Undoubtedly pharmacists play a crucial role on the antimicrobial stewardship team. As a medication expert, pharmacists provide evidence-based recommendations on treatment dose and duration when prescriptions are written. They can also offer continuing education to other healthcare providers regarding optimal antibiotic use. Pharmacists can reduce unnecessary antibiotic use by providing point-of-care testing services in the outpatient setting which can be implemented by creating a physician-pharmacist collaborative practice agreement.4,5 Some rapid point-of-care tests that are already being widely used in Michigan include those for influenza and Group A streptococcus.3,5
The emergence of antibiotic-resistant bacteria has become a worldwide problem. Guidelines and strategies for implementing outpatient antimicrobial stewardship programs have begun to solidify and highlight numerous areas for pharmacist involvement. Curbing inappropriate antibiotic use in the outpatient setting will not be easy. However, pharmacists can tap into their decades of experience in providing inpatient antimicrobial stewardship and lead the efforts that are now beginning to take shape in the community. Pharmacists are the most accessible healthcare providers and our availability, knowledge and relationships with patients will be needed to combat this problem.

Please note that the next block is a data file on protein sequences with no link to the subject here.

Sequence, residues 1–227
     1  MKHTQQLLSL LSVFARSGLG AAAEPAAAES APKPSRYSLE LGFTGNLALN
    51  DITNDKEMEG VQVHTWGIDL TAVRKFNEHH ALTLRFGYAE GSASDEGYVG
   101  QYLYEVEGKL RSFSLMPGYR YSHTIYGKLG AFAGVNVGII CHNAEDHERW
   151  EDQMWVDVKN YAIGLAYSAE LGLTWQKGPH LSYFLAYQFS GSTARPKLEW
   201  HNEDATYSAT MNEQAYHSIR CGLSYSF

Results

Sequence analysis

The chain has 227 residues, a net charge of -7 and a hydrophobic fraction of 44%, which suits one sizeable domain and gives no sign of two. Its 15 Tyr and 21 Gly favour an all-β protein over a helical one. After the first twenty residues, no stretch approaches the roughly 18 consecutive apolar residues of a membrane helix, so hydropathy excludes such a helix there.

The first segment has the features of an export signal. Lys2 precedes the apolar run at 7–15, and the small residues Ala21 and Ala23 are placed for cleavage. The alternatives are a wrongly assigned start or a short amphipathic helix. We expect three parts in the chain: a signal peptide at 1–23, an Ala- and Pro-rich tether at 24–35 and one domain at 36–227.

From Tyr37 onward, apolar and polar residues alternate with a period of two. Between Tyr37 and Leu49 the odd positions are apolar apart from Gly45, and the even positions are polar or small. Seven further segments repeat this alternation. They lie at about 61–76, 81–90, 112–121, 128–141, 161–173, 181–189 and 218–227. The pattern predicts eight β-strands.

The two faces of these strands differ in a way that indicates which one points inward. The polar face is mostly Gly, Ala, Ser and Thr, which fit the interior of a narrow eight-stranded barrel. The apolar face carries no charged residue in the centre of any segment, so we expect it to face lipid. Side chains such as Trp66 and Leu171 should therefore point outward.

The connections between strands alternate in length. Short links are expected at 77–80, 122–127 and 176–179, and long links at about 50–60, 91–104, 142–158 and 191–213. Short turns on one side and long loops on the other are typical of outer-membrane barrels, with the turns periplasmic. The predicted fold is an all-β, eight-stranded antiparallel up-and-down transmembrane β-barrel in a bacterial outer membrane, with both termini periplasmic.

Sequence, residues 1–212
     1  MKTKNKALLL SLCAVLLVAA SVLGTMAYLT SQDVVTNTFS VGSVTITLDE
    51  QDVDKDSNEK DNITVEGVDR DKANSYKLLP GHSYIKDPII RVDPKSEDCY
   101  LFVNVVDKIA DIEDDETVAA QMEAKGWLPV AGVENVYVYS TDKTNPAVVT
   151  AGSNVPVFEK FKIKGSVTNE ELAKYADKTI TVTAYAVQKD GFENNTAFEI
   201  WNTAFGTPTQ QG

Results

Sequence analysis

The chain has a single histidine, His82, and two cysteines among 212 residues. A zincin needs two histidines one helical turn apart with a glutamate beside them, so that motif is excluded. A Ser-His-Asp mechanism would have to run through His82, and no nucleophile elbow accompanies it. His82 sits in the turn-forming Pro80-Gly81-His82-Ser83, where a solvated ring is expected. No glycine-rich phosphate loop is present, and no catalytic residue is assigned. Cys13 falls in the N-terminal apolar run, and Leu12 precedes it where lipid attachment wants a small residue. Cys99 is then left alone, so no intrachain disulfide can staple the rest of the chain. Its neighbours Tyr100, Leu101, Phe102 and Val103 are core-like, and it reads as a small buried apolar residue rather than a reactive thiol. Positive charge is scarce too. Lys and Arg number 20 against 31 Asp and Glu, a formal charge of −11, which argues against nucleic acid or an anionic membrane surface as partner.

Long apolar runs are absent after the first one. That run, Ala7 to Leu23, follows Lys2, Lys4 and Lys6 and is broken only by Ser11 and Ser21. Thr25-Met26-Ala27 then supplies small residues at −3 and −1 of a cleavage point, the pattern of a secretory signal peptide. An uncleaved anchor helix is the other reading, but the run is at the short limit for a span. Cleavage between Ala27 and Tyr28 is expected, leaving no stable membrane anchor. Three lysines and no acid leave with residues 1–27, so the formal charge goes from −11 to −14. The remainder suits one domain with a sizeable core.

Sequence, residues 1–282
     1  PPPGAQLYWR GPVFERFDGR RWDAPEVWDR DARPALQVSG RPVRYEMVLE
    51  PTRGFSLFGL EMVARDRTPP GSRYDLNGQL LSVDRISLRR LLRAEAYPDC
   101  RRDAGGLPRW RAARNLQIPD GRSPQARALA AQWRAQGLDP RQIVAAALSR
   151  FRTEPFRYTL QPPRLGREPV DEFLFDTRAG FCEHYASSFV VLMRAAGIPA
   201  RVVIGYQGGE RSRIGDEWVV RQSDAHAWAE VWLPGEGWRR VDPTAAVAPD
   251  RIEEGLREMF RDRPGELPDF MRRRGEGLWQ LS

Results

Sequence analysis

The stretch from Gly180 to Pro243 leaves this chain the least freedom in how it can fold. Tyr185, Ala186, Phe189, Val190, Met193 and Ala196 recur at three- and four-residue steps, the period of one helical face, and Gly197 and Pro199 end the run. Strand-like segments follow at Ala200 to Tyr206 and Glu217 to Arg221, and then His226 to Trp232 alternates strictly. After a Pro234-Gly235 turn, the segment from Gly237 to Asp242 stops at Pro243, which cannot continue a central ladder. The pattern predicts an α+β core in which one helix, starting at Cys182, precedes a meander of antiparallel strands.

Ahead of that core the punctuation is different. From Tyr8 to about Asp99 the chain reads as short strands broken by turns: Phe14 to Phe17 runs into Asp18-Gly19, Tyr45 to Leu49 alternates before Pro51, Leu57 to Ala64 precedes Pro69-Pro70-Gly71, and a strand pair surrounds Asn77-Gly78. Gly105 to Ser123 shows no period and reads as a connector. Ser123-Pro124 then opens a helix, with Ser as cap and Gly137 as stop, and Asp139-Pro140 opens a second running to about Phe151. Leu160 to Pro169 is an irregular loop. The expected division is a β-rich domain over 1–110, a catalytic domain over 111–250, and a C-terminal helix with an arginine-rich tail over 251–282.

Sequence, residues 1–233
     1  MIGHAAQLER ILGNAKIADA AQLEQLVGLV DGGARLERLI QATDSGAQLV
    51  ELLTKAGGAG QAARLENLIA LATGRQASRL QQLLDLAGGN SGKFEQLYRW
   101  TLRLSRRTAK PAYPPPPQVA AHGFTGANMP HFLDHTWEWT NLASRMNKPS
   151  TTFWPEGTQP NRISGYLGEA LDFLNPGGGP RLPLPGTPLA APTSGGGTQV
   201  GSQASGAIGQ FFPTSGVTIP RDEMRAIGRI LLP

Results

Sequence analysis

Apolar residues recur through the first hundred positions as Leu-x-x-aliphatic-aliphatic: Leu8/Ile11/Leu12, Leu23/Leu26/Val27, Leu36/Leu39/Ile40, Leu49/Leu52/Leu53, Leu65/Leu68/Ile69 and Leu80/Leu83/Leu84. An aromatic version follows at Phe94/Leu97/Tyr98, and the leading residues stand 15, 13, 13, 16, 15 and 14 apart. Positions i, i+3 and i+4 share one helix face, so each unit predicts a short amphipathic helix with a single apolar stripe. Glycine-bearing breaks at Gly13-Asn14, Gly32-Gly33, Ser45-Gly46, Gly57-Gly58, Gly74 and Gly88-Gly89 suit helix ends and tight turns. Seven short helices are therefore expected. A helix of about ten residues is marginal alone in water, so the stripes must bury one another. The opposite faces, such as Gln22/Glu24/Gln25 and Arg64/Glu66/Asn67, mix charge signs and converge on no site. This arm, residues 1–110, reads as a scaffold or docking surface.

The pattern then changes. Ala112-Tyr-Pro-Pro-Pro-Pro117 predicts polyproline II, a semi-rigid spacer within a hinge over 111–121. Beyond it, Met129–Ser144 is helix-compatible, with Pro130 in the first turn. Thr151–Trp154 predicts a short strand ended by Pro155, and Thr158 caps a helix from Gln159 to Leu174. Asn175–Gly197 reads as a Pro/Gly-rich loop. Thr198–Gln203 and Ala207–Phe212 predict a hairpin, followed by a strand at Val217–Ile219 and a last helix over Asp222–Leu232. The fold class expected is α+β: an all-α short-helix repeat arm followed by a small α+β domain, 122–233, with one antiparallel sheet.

1. Centers for Disease Control and Prevention. Facts about Antibiotic Resistance. CDC.gov. https://www.cdc.gov/antibiotic-use/community/about/fast-facts.html. Accessed Jan. 14, 2018.
2. The White House. National Action Plan for Combating Antibiotic-Resistant Bacteria. CDC.gov. https://www.cdc.gov/drugresistance/pdf/national_action_plan_for_combating_antibotic-resistant_bacteria.pdf. Accessed Jan., 14, 2018
3. Klepser ME, Dobson EL, Pogue JM, et al. A call to action for outpatient antibiotic stewardship. J Am Pharm Assoc. 2003;57(4):457-463.
4. Centers for Disease Control and Prevention: The Core Elements of Outpatient Antibiotic Stewardship. CDC.gov. https://www.cdc.gov/antibiotic-use/community/pdfs/16_268900-A_CoreElementsOutpatient_508.pdf. Accessed Jan. 14, 2018
5. Dobson EL, Klepser ME, Pogue JM, et al. Outpatient antibiotic stewardship: Interventions and opportunities. J Am Pharm Assoc. 2003;57(4):464-473.